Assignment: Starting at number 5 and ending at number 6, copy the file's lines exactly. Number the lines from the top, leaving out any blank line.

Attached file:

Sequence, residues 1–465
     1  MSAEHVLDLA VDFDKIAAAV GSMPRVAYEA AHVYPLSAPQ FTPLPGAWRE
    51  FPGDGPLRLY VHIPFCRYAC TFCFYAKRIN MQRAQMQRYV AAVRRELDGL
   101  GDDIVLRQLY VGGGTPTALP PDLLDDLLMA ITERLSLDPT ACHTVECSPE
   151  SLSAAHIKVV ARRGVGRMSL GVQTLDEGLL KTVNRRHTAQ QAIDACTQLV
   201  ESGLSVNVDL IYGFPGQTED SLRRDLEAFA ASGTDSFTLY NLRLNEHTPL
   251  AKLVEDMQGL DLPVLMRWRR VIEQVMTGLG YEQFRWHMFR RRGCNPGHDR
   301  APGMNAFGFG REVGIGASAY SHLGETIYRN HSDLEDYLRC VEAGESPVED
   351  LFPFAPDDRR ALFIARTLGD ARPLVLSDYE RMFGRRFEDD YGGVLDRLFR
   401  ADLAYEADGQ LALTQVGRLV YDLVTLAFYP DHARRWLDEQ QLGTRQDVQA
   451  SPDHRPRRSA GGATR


   151  SLSAAHIKVV ARRGVGRMSL GVQTLDEGLL KTVNRRHTAQ QAIDACTQLV
   201  ESGLSVNVDL IYGFPGQTED SLRRDLEAFA ASGTDSFTLY NLRLNEHTPL